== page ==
Epilepsy

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					Epilepsy

         or
Seizures
      By Melissa VanDyke
What is Epilepsy?????
   A transitory disturbance in consciousness or in
    motor, sensory, or autonomic, function with or
    without a loss of consciousness. Associated with
    paroxysmal, uncontrolled electrical discharges in
    the neurons of the brain that result in the sudden,
    violent, involuntary contraction of a group of
    muscles.
   Seizures are classified
   according to the varied
   features of the attack :
Generalized tonicclonic
(grand mal)
Absence (petit mal)
Psychomotor
(automatisms)
Jacksonian (focal)
Miscellaneous seizures
(myoclonic and
akinetic)
    Reasons seizures occur:
   Variety of reasons including hypoglycemia,
    infection, electrolyte imbalance, alcohol,
    barbiturate with-drawl, water intoxication,
    stroke, approximately 70% of patients with
    epilepsy a cause hasn’t been determined

There is excessive
neuronal discharge
which results in a tonic
convulsion. Seizures are
followed by a rest
period of variable
lengths (postictal
period)
        Assessment:
   Aura preceding a seizure is important to consider. Aura
    occurs in about 50% of all patients with tonic-clonic
    seizures. Aura is a sensation, as of light or warmth that
    may precede an attack of an epileptic seizure.
   Epileptic aura may be psychic, sensory with olfactory,
    visual, auditory, or taste hallucinations.
   Assessing the number of seizures occurring within a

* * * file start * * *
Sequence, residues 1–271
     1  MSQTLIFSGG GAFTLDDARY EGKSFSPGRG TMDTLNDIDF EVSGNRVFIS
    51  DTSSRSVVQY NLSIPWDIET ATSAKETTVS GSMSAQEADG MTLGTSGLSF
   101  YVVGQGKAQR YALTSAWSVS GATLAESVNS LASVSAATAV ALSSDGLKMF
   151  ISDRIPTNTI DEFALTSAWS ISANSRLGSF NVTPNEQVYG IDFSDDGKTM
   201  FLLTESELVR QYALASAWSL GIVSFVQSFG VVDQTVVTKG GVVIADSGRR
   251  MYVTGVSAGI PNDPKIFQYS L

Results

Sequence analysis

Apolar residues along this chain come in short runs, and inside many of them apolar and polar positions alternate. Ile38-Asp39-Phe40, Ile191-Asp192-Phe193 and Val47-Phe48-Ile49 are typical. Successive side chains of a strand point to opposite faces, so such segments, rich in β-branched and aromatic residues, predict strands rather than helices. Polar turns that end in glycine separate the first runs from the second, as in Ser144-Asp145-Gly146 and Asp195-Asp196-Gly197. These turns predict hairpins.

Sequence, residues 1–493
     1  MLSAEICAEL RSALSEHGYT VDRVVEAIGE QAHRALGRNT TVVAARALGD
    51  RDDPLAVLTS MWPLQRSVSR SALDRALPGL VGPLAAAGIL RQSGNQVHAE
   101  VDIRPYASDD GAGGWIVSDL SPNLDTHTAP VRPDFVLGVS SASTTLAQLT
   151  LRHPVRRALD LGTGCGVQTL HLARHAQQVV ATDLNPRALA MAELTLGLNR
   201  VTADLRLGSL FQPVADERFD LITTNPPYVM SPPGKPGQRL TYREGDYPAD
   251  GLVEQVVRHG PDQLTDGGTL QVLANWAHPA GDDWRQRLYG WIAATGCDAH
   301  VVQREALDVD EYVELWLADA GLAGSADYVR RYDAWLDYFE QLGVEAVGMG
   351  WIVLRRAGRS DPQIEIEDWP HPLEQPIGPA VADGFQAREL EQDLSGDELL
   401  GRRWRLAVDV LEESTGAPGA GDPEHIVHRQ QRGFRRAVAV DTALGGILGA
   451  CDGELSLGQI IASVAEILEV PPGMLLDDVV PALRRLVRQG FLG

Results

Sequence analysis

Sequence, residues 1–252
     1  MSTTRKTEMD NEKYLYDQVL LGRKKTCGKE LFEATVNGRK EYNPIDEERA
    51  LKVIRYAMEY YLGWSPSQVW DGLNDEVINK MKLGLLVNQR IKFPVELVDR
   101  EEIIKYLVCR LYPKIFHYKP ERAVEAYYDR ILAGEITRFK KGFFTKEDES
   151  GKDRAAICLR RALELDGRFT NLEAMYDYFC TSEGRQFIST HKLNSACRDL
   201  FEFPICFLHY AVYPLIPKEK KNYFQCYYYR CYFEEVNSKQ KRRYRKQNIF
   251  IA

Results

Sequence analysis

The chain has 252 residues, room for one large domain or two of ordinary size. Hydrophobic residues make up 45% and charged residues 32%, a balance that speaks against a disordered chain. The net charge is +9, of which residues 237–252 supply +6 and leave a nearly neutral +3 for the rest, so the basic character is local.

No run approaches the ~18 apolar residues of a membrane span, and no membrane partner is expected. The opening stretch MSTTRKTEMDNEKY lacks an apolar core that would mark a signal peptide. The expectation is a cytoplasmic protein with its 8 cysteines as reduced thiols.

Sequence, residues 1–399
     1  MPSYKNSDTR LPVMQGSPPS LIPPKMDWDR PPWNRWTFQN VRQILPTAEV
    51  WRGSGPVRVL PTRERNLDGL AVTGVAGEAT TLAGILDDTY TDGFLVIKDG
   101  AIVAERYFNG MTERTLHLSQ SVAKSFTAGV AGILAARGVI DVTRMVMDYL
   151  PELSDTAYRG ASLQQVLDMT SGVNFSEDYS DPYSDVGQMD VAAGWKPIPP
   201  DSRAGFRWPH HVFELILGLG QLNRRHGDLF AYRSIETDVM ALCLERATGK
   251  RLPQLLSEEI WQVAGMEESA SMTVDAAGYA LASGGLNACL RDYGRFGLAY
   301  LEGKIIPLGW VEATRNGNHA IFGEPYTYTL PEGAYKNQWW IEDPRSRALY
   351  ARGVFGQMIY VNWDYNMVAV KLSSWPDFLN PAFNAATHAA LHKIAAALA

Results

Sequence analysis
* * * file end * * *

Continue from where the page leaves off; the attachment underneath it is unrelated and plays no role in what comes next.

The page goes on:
specific time period, any behaviors noted and injuries
    suffered
   Character of the seizure should be described as completely
    as possible including duration, patients movements, if the
    patient was incontinent, and cries or sounds that were
    made and the level of alertness.
          Diagnostics:
   Usually diagnosed thru a complete history and physical
    assessment.
   An electroencephalogram (EEG) is usually used to make a
    diagnosis of epilepsy. An EEG measures the electrical activity
    of the brain and certain abnormalities may be seen in patients
    with epilepsy.
       How to manage Epilepsy:
   Anti-seizure drugs, therapy is aimed at prevention of the
    seizures because cure is not possible
   Drugs generally act by stabilizing nerve cell membranes and
    preventing spread of the epileptic discharge blood levels may
    be checked to provide an accurate check on the therapeutic
    level of medication
   70% of patients with seizures use meds to control them
   If medication is not effective surgical removal of the brain
    tissue where the seizures occur will be done
       How does effect daily
       living?????
   Patients are encouraged not to drive operate
    machinery or swim until epilepsy is controlled
   Adequate rest and good nutrition
   NO ALCOHOL!!!!!!!!!
   Patients receiving longterm phenytoin (Dilantin)
    should be encouraged to use good oral hygiene
    because of side effects of edematous and
    enlarged gums.
   Patient should wear a medical-alert bracelet
Nursing Interventions:

    Care during a seizure:
     – Protection from aspiration
     – If patient is sitting or standing they should be
       lowered to the floor
     – NEVER LEAVE THE PATIENT ALONE!!!!
     – Support the head if possible turn the head to the
       side to maintain airway
     – Do not restrain patient, and NEVER NEVER
       NEVER EVER PRY OPEN THE JAW!!!
     Interventions con’t:
   Nurse should carefully observe and
    record details of the seizure because
    the diagnosis and subsequent tx often
    rests solely on seizure discription
   All aspects of the seizure when did it
    occur, how long did each episode last,
    what happened after the seizure.
And the Prognosis Is…….
   Most patients with seizures are able to
    control them with meds. And can lead
    a normal life.
   And with most seizure disorders the
    number and intensity usually stay the
    same.

				
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posted:8/20/2011
language:English
pages:12